Hehe, we shall see. Thankfully we won't have to wait for too long.
Petty matter and lousy implementation; sad and sorry indeed, the mirrorless ILC concept applied to smaller sensor ( smaller than APS-C ) is actually not that bad an idea. Yesterday I just got my hand on trying the J1 and Pentax Q. Well guess what, the Q with its real petite sensor , actually was not that bad. and the camera handling and control is IMHO better than the Nikon. That's one pocketable I am willing to lug along all day.
+Mech Franka T. Lieu Don't disagree with you, but why is it no mirrorless camera maker has managed to get both design and performance right in the same product? (Haven't got a NEX-7 yet so Sony fans don't rag on me just quite yet. ;~)
+Thom Hogan There is not a huge problem with using one. The simplest solution is numbers beginning with '1' . Next models either J10 and V10 or J11/V11 . With a two year progression, that is twenty years of names. On a one year progression it is ten. Even at end of ten years, can do a "start from scratch" redesign and pick a new letter of the alphabet as a prefix and start over. The D1/D2/D3 series can tolerate one digit because the refresh rate is so slow. These smaller cameras are likely going to be higher so single digits over long term is bad, but not necessarily flawed as a starting point.
+Walter Rowe +Mech Franka T. Lieu Please don't hijack threads. This thread is about the Nikon 1. If you want to ask me a question about something else, do it directly via email, please. You won't get a response on these things from me (other than one like this) in an unrelated thread, so don't try.
+Atu Saito Pricing is actually quite interesting to watch. The E-PM1 is cheaper in the US (typically US$449 to US$499) while the Nikon J1 is higher. Yet you are correct, in Japan the reverse seems to be true. (Of course, an E-PL1 is still available here for US$399 or less, which impacts what Olympus can get for the E-PM1.)
It wasn't my intention to hijack the thread. My apologies. I've deleted my comment.
Wow, Thom, what a review! You've certainly not minced words. Thanks to this, I now have a precise idea about how good the camera is.

About the flaws of the J1, some of them are so obvious that I wonder how Nikon lets them through again and again. 'Frustration' is certainly the appropriate word. I so wish Nikon would hire you as a product advisor during design or at least validation. I look forward to the V1 review. Thank you again.
Not a conspiracy, just the confirmation that the J1 isn't targeted at high end DSLR owners. That someone else identified that should be pleasing to them if targeting compact camera owners was the objective. I disagree with the article though. Given the the J1 is priced at the same price as the D3100 the primary objective can't be to minimize bleed off of DSLR focused buyers. The 3100 is a transition point out of the Compact Coolpix. So is the J1, without substantially switching form factors. There is a portion of the DSLR market that Nikon should be expecting to be dented by the J1 and V1. If they didn't want to raise the cannibalism level, they shouldn't be priced the same.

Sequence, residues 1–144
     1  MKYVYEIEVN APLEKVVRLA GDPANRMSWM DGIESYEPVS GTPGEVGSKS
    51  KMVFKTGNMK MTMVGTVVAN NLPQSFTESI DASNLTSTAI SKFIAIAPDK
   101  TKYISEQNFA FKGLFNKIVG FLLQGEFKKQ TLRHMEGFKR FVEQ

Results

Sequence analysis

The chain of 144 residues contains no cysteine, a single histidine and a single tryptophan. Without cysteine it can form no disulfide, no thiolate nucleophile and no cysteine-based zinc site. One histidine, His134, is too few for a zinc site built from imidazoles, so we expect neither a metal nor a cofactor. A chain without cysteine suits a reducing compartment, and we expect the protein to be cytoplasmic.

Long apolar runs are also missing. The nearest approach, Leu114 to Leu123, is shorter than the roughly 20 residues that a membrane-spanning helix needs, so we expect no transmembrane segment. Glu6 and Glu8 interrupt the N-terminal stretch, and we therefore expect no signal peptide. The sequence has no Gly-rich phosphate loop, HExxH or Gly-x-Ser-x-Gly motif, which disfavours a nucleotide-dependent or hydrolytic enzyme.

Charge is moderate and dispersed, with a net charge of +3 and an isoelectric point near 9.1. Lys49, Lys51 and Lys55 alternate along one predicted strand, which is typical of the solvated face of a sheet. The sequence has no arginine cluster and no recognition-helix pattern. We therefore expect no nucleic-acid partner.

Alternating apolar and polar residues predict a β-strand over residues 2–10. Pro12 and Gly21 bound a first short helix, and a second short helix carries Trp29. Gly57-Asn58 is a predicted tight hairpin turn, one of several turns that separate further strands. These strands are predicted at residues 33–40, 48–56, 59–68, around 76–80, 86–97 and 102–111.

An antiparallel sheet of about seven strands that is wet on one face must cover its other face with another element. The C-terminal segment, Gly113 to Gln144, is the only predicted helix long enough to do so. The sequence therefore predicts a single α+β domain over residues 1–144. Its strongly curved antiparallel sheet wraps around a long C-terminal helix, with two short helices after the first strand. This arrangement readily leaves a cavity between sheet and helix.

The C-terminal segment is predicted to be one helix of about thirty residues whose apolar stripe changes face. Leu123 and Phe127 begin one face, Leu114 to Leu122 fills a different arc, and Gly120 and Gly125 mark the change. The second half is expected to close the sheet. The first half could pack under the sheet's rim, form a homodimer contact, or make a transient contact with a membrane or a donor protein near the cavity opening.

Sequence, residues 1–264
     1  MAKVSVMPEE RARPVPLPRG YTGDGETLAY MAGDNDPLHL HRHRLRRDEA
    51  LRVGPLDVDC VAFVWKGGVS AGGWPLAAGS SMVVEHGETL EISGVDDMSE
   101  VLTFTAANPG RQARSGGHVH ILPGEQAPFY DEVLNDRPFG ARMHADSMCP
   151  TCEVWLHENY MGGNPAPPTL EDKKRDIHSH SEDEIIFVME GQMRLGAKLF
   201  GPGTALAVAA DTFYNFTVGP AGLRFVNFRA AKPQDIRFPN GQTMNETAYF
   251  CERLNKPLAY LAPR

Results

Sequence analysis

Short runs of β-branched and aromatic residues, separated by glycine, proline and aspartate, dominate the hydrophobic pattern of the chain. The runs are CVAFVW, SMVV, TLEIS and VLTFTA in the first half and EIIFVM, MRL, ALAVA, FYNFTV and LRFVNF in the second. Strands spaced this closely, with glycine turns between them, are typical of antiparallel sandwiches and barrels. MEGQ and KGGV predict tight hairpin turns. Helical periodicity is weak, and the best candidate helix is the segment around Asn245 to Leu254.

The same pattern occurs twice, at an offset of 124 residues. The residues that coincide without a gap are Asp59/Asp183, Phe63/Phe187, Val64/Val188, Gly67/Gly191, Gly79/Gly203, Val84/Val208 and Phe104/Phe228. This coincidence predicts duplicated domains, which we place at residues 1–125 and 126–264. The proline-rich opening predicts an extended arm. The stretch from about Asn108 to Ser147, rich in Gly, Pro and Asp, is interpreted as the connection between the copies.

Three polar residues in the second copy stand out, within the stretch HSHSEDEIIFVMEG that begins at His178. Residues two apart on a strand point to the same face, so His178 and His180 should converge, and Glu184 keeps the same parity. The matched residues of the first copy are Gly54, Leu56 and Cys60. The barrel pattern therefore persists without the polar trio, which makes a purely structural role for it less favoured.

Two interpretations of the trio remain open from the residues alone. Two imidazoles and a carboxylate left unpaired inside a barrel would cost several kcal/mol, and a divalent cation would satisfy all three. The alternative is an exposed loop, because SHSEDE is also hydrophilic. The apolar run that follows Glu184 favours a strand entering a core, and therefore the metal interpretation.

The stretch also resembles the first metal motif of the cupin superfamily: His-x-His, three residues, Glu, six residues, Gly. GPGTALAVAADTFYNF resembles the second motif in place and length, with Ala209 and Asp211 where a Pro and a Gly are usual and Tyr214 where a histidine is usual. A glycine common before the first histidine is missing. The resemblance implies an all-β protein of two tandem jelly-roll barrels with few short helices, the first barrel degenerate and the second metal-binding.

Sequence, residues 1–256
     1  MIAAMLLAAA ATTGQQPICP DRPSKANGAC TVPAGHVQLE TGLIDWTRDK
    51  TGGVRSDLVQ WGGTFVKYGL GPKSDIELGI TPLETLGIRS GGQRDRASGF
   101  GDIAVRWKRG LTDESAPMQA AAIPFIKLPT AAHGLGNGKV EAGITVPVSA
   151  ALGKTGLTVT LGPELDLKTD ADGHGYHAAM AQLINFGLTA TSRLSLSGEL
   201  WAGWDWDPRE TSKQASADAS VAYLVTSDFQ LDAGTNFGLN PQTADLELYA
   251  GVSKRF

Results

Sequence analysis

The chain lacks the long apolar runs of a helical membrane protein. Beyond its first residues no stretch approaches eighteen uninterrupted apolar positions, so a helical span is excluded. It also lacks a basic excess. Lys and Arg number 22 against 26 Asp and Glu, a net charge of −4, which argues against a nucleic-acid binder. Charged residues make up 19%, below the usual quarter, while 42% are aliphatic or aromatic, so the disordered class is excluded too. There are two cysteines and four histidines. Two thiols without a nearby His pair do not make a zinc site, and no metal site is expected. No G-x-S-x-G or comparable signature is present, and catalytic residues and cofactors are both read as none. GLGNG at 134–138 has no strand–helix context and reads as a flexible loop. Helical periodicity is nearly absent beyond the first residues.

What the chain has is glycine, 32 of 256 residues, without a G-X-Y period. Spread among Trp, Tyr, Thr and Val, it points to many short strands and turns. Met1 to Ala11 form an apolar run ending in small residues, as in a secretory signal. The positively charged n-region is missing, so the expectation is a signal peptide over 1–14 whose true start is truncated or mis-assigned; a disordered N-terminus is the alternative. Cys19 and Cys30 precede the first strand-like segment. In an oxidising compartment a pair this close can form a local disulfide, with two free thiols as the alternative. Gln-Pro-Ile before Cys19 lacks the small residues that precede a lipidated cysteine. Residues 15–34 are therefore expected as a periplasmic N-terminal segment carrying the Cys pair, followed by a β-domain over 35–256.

+Lyman Taylor I'm not sure I agree. Had the J1 had the same level of features and control as the D3100, then absolutely, the J1 would have started to steal substantial chunks of the D3100's sales, as it would then boil down to gaining 4mp more, slightly better DR, and an optical viewfinder in exchange for a much bigger, heavier body. That would be a tough sell against small and light with great video. But by crippling the J1 (user interface, features, accessories) it's easier for a salesperson to sell someone one way or the other. Personally, I think that's trying to slice the pie too thin.

But frankly, I don't know why Nikon would be worried at all about the J1 and V1 taking D3100 sales. The Nikon 1 models are so much simpler and cheaper to make, so at the same price point they generate far more profit. The V1 with the right user design (and a few more lenses) could have taken down the Canon Rebel. The D3100 is not doing that. My frustration with the Nikon 1 models is multiple: there's the frustration of having to adapt to use them effectively, and there's the frustration that Nikon came close to changing the entry DSLR dynamics completely in their favor but instead got cold feet.

As it turns out, the Thailand floods made all this partially a moot point. Nikon doesn't have the volume of D3100s they wanted to push for Christmas. Instead, they're pushing the Nikon 1. So, effectively, their crippled design (especially at those prices) is working against them. On the flip side, they can point to some very nice performance and perhaps their best video yet, all in a reasonably attractive and small package.
+Shep Go You'll want to resubscribe on the News/Views page. While right now that will summarize due to the structure, starting next month the daily stuff should appear in the feed (I'll put things into a monthly folder at the end of the month).